Digital copiers can do the traditional work of a copier with the added capability of scanning a document. Typically, the digital copier must be equipped with the necessary hardware and software to attache the scanned file to an e-mail message and send it to users of the office network. Most digital copiers are useful for scanning a few pages at a time and as a secondary or backup scanner. However, with the exception of very large and expensive machines, digital copiers are not a good choice for your primary scanner because of their limited ADF capacity and slow processing speed. All of the major copier manufacturers sell digital copiers and most have the ability to add the hardware and software needed for scanning.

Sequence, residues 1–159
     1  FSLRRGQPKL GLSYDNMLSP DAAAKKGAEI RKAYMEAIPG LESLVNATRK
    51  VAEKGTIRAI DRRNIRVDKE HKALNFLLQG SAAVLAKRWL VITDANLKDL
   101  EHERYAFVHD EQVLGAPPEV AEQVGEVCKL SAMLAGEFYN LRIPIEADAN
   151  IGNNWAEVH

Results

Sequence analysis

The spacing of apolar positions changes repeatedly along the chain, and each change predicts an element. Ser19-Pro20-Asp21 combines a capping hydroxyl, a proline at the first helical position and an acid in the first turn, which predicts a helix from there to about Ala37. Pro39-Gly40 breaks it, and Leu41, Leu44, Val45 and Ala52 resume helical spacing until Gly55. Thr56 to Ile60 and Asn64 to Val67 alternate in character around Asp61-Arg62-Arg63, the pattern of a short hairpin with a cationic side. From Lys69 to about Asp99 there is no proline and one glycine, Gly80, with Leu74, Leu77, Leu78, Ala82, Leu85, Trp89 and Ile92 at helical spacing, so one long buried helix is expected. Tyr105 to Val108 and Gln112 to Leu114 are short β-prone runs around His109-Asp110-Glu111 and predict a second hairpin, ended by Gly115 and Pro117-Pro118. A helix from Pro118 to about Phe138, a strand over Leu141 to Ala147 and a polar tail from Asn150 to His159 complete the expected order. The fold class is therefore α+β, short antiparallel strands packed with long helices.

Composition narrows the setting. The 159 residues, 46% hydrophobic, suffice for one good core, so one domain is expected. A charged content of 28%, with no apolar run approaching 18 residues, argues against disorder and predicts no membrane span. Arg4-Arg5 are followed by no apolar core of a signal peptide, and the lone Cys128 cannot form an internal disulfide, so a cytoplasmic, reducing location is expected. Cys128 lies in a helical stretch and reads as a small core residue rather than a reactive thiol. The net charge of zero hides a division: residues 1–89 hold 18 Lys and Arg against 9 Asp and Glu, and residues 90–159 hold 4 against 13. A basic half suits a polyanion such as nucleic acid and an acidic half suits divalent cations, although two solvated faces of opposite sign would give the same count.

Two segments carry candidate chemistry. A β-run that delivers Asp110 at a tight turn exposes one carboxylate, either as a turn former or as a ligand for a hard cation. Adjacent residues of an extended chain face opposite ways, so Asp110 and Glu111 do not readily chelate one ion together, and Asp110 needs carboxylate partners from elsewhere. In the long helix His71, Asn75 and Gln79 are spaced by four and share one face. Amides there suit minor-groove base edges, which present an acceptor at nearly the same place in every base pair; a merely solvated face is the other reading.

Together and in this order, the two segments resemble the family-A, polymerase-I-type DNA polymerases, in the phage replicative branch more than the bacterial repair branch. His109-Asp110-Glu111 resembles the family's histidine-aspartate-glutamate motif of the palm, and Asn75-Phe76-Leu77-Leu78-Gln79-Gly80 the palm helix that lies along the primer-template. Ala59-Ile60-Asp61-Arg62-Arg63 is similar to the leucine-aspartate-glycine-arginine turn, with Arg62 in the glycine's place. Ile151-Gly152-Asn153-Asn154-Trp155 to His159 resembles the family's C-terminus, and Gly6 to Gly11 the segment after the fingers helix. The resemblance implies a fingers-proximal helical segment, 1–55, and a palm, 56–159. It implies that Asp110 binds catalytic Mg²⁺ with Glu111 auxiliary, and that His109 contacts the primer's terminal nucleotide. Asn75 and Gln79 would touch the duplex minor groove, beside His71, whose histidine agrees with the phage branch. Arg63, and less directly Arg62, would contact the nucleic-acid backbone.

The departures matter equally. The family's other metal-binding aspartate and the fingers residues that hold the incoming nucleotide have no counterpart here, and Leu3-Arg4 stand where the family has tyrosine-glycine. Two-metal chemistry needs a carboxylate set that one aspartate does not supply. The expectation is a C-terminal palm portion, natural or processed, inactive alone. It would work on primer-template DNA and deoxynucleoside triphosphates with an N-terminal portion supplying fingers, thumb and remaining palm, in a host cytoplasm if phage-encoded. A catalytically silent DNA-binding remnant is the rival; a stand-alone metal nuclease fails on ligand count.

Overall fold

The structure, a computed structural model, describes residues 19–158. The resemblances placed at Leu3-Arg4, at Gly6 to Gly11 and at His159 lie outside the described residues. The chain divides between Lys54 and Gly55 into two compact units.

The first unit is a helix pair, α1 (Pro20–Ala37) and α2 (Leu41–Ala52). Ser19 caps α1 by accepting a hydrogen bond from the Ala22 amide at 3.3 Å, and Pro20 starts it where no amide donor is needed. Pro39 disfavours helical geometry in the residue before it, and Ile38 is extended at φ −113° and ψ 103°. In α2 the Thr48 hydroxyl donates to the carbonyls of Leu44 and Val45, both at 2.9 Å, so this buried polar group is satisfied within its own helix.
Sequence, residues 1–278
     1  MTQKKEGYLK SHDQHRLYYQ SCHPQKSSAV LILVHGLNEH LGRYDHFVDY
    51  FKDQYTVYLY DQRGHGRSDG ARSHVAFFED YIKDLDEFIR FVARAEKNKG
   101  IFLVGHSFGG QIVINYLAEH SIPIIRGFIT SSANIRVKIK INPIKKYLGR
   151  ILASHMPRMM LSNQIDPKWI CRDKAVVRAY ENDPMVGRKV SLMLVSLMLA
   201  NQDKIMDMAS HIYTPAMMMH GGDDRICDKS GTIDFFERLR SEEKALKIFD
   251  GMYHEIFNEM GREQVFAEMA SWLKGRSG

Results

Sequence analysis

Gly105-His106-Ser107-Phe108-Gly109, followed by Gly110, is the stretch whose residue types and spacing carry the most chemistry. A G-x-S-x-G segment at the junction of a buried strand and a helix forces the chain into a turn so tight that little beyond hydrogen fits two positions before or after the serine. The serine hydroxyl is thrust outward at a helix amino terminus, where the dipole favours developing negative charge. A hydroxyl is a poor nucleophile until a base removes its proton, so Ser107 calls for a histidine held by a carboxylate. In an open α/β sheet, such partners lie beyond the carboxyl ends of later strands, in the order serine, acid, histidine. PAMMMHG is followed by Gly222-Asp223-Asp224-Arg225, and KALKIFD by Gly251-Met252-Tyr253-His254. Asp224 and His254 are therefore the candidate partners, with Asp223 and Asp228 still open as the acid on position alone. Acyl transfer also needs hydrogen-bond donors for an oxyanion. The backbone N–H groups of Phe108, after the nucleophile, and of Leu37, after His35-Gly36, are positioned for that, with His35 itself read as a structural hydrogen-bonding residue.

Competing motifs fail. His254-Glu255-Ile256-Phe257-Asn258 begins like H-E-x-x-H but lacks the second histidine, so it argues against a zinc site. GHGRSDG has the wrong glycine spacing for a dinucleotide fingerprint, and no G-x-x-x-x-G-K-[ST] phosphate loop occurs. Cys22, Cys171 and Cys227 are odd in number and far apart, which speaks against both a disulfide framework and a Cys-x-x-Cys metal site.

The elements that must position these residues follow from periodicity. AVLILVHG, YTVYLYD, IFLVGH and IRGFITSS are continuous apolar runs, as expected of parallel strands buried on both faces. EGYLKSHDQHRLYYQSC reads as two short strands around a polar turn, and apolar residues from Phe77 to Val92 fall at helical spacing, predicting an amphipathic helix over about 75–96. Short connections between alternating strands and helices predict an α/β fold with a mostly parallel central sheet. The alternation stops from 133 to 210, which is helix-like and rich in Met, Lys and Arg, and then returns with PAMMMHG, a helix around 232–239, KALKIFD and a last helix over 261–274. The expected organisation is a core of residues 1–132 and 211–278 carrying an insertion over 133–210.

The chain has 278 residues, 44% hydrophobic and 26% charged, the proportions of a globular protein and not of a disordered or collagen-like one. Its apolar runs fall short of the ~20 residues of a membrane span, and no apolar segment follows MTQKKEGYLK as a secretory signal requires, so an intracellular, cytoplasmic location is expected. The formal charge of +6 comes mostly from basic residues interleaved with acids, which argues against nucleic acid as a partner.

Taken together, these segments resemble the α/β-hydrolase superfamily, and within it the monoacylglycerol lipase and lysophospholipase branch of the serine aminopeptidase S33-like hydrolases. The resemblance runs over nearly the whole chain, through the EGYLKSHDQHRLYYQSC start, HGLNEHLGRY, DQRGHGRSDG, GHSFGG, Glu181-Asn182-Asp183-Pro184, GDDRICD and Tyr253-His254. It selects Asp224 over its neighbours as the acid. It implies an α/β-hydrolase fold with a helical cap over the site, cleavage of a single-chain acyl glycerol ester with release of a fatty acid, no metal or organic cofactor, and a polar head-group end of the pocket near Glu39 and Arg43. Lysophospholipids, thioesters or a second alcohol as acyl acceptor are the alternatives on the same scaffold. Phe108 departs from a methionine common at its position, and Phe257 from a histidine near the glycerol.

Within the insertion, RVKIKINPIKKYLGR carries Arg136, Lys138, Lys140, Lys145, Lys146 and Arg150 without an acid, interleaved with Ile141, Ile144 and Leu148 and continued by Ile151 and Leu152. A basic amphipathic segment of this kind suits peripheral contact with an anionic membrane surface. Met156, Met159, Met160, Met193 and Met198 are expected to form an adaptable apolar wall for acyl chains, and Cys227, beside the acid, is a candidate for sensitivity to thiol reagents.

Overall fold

Digital Senders. Hewlett-Packard manufacturers a line of scanners that it calls "digital senders." A digital sender is a network device that scans a document, converts the paper to a "PDF" or "TIF" file format, attaches the scanned image to an e-mail and sends the e-mail to any chosen recipient. The digital sender also doubles as a fax machine. The H-P digital senders range in price from $1,300 to $3,200. At the lower end, expect speeds of four pages per minute and a 25 page ADF. At the upper end, expect fifteen pages per minute and a 50 page ADF. For more information, see

Scanning and Optical Character Recognition